How Do Software Companies Make Money?
Seems like an odd question, doesn't it? Especially when your strategic vendors seem to be draining you dry on support contracts. That may in fact be the case, but we've seen a dramatic shift in the business models of development tools vendors over the last five years.
Many of the companies that I deal with on a regular basis have launched open source strategies over the last year or so. For the most part, they have offered similar software under both an open source and a commercial license. What's the difference? Well, the open source software is largely provided as is (yes, I know that commercial software also uses that as a licensing term), with not support, patches, or upgrades. The commercial license is often includes professionally prepared documentation, comprehensive support, and patches and upgrades. In some cases, it also includes indemnification from patent suits.
Even if it is not strictly an open source strategy, it is often a free (as in no cost, not freedom) software strategy. Cross-compilation vendor Mainsoft gives away a version that does virtually everything that its commercial product does.
One company we talked to quite a bit about this was Terracotta, a provider of Java clustering solutions. I had an interesting statement from Terracotta CEO Amit Pandey recently. It's not possible to make money off developers. Instead, the company seeks to let developers easily acquire and use its technology, and charge only for deployment licenses.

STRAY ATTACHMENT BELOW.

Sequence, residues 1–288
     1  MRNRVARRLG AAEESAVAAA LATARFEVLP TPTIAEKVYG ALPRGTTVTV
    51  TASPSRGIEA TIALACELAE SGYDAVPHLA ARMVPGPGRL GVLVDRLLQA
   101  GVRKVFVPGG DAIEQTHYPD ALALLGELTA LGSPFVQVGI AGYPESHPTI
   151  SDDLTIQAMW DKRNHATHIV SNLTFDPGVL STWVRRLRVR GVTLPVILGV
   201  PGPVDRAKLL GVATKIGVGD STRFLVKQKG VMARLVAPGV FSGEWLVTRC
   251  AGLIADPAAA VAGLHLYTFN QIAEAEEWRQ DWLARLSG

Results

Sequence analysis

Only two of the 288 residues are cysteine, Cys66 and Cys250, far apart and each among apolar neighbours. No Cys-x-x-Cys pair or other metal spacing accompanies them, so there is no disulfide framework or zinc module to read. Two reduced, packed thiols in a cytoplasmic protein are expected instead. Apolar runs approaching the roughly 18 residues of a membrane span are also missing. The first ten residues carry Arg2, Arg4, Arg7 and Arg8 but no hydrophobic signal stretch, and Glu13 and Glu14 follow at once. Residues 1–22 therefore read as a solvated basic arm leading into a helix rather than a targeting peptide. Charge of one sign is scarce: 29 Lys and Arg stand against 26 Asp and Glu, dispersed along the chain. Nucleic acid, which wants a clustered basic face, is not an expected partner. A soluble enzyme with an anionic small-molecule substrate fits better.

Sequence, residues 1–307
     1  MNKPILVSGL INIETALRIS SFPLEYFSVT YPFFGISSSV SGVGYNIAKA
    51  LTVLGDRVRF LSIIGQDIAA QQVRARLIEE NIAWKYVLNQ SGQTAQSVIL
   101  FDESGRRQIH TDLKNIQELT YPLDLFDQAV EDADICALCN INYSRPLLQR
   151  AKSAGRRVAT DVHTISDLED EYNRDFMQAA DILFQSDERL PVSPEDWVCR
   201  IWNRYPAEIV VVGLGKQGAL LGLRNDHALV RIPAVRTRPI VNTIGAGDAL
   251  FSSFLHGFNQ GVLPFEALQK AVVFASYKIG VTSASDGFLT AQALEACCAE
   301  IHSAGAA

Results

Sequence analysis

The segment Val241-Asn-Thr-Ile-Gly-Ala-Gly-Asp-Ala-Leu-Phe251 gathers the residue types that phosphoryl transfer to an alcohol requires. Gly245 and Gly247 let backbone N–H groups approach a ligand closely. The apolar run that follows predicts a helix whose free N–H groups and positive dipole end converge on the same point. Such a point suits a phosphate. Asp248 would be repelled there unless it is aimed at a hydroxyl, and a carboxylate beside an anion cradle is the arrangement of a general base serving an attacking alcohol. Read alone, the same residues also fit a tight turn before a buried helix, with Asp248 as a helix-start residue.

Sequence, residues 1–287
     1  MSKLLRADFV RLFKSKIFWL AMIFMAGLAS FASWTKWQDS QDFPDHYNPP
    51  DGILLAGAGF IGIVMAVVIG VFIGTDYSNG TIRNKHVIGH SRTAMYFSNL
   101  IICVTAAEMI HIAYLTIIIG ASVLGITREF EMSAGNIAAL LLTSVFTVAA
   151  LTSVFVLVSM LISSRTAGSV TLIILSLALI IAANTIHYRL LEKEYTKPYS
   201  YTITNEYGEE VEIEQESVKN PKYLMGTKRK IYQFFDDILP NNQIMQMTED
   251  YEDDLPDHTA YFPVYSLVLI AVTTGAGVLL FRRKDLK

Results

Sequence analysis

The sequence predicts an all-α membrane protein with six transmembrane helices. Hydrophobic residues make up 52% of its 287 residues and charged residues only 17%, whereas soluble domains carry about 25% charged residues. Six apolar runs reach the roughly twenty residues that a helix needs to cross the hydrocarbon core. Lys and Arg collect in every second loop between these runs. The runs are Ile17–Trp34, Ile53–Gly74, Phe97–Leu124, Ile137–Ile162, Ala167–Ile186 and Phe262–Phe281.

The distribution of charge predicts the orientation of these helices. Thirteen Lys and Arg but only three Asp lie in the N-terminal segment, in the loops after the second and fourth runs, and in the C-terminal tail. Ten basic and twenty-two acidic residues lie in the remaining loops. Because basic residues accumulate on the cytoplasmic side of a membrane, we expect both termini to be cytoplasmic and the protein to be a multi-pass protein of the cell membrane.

I'm of two minds about this trend. One of the biggest problems that both development tools vendors and the developers themselves have is with shelfware. Shelfware is, of course, software that is purchased but for one reason or another is never used. Developers either have it forced on them by management, or never quite figure out how to integrate it into their normal processes.
The idea is to make developer tools more accessible to try out and use, with no strings attached. This effectively solves the problem of shelfware. If developers don't use the software, the vendor makes no money. If developers use the software, the vendor collects its money through runtime licenses. It is a fair deal for developers, and a validation of the value of the software for the vendor.
One other item of note is that cost of sales goes down substantially; in some cases, it is close to zero. In traditional commercial software companies, the cost of sales can make up as much as 50 percent of the cost of software. A lower cost of sales means that companies can still make money by selling their software less expensively, or by selling fewer copies.
However, giving away tools to developers only works for tools that have a runtime component in production. When I worked at development tools vendor Compuware Corporation, one of the more nagging headaches with our debugging tools was that developers would get evaluation copies, or even bring in a sales engineer for a proof of concept, find and fix all of the problems in their software, and send us on our way.
Now, I understand that there are several messages in that story. Clearly developer tools vendors provide value, but that value is realized at a specific time in the application development lifecycle, rather than throughout the entire process. It is true that developers and their employers seem to have a problem with paying for that value, but that may be at least in part because the vendors haven't yet figured out how to successfully monetize that value.
Suffice it to say that this arrangement may be innovative and the wave of the future, but it is also broken in some cases. It behooves all of us to find a way to fix it, else we may find ourselves missing some of the development tools we now take for granted. And for free.
Posted by Peter Varhol on 12/19/2006 at 1:15 PM